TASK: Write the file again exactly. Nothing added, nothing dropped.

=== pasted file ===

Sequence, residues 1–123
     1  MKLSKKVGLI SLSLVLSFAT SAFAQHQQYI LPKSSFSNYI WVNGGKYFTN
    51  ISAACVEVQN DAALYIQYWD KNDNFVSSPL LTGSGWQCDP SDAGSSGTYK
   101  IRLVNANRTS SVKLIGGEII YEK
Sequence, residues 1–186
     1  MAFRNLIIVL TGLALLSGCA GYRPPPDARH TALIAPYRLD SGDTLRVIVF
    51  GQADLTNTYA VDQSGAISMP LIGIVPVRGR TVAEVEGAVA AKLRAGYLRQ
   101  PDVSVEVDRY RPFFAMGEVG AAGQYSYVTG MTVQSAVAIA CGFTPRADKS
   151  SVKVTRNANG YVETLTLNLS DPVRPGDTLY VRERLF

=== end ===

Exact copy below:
Sequence, residues 1–123
     1  MKLSKKVGLI SLSLVLSFAT SAFAQHQQYI LPKSSFSNYI WVNGGKYFTN
    51  ISAACVEVQN DAALYIQYWD KNDNFVSSPL LTGSGWQCDP SDAGSSGTYK
   101  IRLVNANRTS SVKLIGGEII YEK
Sequence, residues 1–186
     1  MAFRNLIIVL TGLALLSGCA GYRPPPDARH TALIAPYRLD SGDTLRVIVF
    51  GQADLTNTYA VDQSGAISMP LIGIVPVRGR TVAEVEGAVA AKLRAGYLRQ
   101  PDVSVEVDRY RPFFAMGEVG AAGQYSYVTG MTVQSAVAIA CGFTPRADKS
   151  SVKVTRNANG YVETLTLNLS DPVRPGDTLY VRERLF